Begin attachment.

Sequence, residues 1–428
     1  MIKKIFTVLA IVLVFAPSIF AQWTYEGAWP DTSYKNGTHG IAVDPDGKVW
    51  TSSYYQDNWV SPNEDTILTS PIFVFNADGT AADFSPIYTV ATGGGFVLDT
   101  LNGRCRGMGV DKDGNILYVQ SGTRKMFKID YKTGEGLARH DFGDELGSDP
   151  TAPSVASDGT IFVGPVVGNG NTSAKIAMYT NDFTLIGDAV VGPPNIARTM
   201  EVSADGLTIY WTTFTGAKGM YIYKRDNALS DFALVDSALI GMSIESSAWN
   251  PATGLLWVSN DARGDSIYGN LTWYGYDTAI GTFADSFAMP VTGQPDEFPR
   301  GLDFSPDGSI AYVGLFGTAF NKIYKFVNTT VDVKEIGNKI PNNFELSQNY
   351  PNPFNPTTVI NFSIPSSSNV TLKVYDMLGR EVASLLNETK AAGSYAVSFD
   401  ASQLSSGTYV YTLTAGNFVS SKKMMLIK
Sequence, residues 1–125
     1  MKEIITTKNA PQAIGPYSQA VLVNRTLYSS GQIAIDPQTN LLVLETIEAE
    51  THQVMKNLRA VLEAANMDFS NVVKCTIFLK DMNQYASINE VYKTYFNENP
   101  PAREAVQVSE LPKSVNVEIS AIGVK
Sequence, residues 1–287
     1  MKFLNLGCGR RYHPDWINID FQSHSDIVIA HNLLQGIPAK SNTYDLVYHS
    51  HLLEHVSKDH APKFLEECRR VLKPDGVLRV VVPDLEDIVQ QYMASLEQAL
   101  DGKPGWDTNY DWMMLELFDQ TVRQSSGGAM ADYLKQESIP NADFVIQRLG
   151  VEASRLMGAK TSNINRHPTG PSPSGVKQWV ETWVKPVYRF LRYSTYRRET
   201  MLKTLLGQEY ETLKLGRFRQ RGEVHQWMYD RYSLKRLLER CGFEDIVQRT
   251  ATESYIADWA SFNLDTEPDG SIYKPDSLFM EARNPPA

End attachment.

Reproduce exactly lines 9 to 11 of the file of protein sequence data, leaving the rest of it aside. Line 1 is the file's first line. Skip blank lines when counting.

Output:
   351  PNPFNPTTVI NFSIPSSSNV TLKVYDMLGR EVASLLNETK AAGSYAVSFD
   401  ASQLSSGTYV YTLTAGNFVS SKKMMLIK
Sequence, residues 1–125